Thank you so much for sharing guys. Your blog is awesome, love the concept (who wouldn’t?), I can’t wait to try some more of your recipes. The vegan cheesecake is next on my list!
    Have a great day,
    Aimée, Paris, France

  25. Rachel says

    Oh my goodness you are amazing this is life changing!

    I’ve made so many different hummus recipes (even the ones that call for peeling every darn chickpea) and this is BY FAR the best. Because I love garlic and lemon, I added 5 garlic cloves (I would add even more next time hehe) and 2.5 tbsp lemon juice! Perfecto!

  26. Donna says

    Omigosh, SOOOOOOOOOO GOOD!!!!

    I was licking the spatula!

    And I hate pulling out my heavy equipment, so I tried my hand held immersion blender. Worked like a charm!

    Thanks for the amazing recipe!!!!

  27. Jane says

    Oooohhhh YUM! Spot on Dana – thank you for this recipe. Just made it and the kids and I devoured half its so delicious! Another minimalist baker recipe I’ve tried and kids have loved! Thank you!

  28. marla says

    This hummus was awesome! I used about 1 and 1/3 lemons, however. I also like to put a little bit (1/2 tsp depending on your liking) of cumin. It seems to bring out the flavor more. Microwaving it made such a difference on the texture, delicious!

  29. ellen says

    OMG the best hummus ever!!! I never seemed to get hummus right and although I try to avoid the microwave as much as possible, it does seem to make it more creamy. I guess it would work if you would simmer it in a pan as well.

  30. Emily says

    Can’t wait to make this omg!! I’ve been looking at all your vegan recipes and drooling. Do you know how long this will last if I keep it in the fridge??

  31. Lina says

    Loved your recipe, I made it 5 times already and each time I get so many compliments :D Just a small tip that we use back in Jordan, I added 2 tablespoons (or 3 tablespoons depending on your taste) of greek yoghurt to the mixture, and this way you get a traditional humus just as we do back home :) Thank you so much for sharing this lovely recipe, I love your blog!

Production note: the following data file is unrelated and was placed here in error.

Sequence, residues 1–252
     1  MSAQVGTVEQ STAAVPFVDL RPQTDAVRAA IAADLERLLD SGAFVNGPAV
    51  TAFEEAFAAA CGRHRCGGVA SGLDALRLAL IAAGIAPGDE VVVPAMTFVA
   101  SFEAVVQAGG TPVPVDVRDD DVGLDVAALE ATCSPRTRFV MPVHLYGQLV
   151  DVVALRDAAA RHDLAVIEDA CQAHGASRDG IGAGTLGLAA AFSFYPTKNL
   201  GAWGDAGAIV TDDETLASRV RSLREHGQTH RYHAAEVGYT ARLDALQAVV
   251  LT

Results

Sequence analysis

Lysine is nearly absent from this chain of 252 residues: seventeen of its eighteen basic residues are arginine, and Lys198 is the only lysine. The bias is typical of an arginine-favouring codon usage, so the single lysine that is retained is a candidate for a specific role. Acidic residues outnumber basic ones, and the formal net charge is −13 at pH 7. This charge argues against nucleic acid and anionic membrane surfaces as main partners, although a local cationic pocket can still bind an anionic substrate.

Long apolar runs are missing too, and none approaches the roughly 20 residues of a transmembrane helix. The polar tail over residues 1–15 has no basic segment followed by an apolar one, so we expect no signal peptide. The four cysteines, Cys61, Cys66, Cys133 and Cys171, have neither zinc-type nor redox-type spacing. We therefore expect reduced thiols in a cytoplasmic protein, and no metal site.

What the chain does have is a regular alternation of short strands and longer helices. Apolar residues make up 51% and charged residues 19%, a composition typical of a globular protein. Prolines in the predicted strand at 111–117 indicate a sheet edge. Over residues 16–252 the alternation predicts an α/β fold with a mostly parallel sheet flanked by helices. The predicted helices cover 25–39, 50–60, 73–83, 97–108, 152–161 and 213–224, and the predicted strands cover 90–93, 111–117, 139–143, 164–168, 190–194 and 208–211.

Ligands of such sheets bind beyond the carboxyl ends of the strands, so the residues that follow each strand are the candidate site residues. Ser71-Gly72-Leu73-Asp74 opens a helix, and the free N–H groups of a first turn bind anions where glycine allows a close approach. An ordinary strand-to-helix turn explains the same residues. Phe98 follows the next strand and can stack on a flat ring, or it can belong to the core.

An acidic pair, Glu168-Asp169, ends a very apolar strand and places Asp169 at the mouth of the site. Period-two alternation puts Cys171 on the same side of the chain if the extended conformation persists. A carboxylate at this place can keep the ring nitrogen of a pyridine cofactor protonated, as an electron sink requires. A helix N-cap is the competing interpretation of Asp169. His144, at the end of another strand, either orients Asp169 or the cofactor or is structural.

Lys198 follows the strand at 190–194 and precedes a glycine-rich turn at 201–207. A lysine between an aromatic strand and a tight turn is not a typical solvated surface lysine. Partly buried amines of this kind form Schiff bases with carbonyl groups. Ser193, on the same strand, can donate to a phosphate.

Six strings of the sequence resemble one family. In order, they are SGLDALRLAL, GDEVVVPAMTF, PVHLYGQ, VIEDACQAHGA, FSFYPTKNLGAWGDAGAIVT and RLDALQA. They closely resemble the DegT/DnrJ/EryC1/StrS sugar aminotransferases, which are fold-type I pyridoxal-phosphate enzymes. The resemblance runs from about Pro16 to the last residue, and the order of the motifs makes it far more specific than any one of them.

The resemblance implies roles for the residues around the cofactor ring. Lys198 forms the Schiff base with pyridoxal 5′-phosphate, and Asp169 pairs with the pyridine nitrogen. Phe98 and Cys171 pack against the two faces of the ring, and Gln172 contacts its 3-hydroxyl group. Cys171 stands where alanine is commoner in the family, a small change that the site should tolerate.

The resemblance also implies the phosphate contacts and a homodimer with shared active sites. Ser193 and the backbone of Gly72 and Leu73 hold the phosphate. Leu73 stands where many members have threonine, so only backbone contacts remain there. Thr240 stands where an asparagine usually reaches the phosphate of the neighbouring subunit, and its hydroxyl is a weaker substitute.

32. Allison says

    When I first saw this recipe I was not interested, but found myself in NEED of some hummus this past weekend and no car available to get to a market… so I tried it. Seriously? The. Best. Homemade. Hummus. Ever. I made it exactly as the recipe and it was wonderful! Even my husband tried and said it was better than store-bought stuff. Next time I’m going to try roasting the garlic first, should be good!

  33. Katie says

    So simple and yummy. I made it to use in your tofu quiche, and both turned out amazing. Everything from your kitchen is amazing, but I’m still always surprised and happy. :)

  34. Elaine says

    I have tried so many “plain” hummus recipes, and this is the best by far! I was a bit skeptical about the amount of tahini, but it was perfect! I used lemon juice that wasn’t fresh, and it still worked magnificently. Thanks Minimalist Baker!

  35. Katherine says

    Just finished up making this and oh my god, so dang tasty!

    So so so creamy and I love that you can change it up by adding more garlic, chilli etc.

    Thank you for the brilliant recipe, goodbye store bought hommus!

  36. Brianna says

    Just made this recipe, and I’m really liking the flavors! I skipped out on the olive oil because I prefer an oil-free hummus and it seems a little too thick/rich. Any suggestions for a good oil replacer? Maybe thin it out with water or a little veggie broth?

  37. Van says

    Great recipe. Thick and creamy. Can’t wait for it to cool down so I can eat it with some veges. Gonna take it to a party next weekend.

  38. Olivia Mason says

    Oh my gosh! This is THE best hummus I have ever made–it totally tastes like it’s from a restaurant…and this is why I always come to your site for any recipe now. Thanks, MB!!

  39. Katlyn says

    An outstanding share! I have just forwarded this onto a coworker who had been conducting
    a little homework on this. And he actually ordered me breakfast because I found it for
    him… lol. So allow me to reword this…. Thanks for the meal!!

    But yeah, thanks for spending the time to talk about this issue here
    on your website.

  40. Donna Tomasi says

    I am having trouble printing a recipe off your website. I press the print and it only prints the picture of the recipe. Can you tell me what I am possibly not doing correctly?
    donna 214-733-6762

  41. Stefanie says

    Just whipped up a batch of this and it is amazing!!! I love hummus but always prefer the “real” stuff from a Lebanese restaurant nearby, to store bought, and this recipe tastes like restaurant hummus! Absolutely love it! Will definitely be keeping this on hand. Thanks!

  42. Brittany says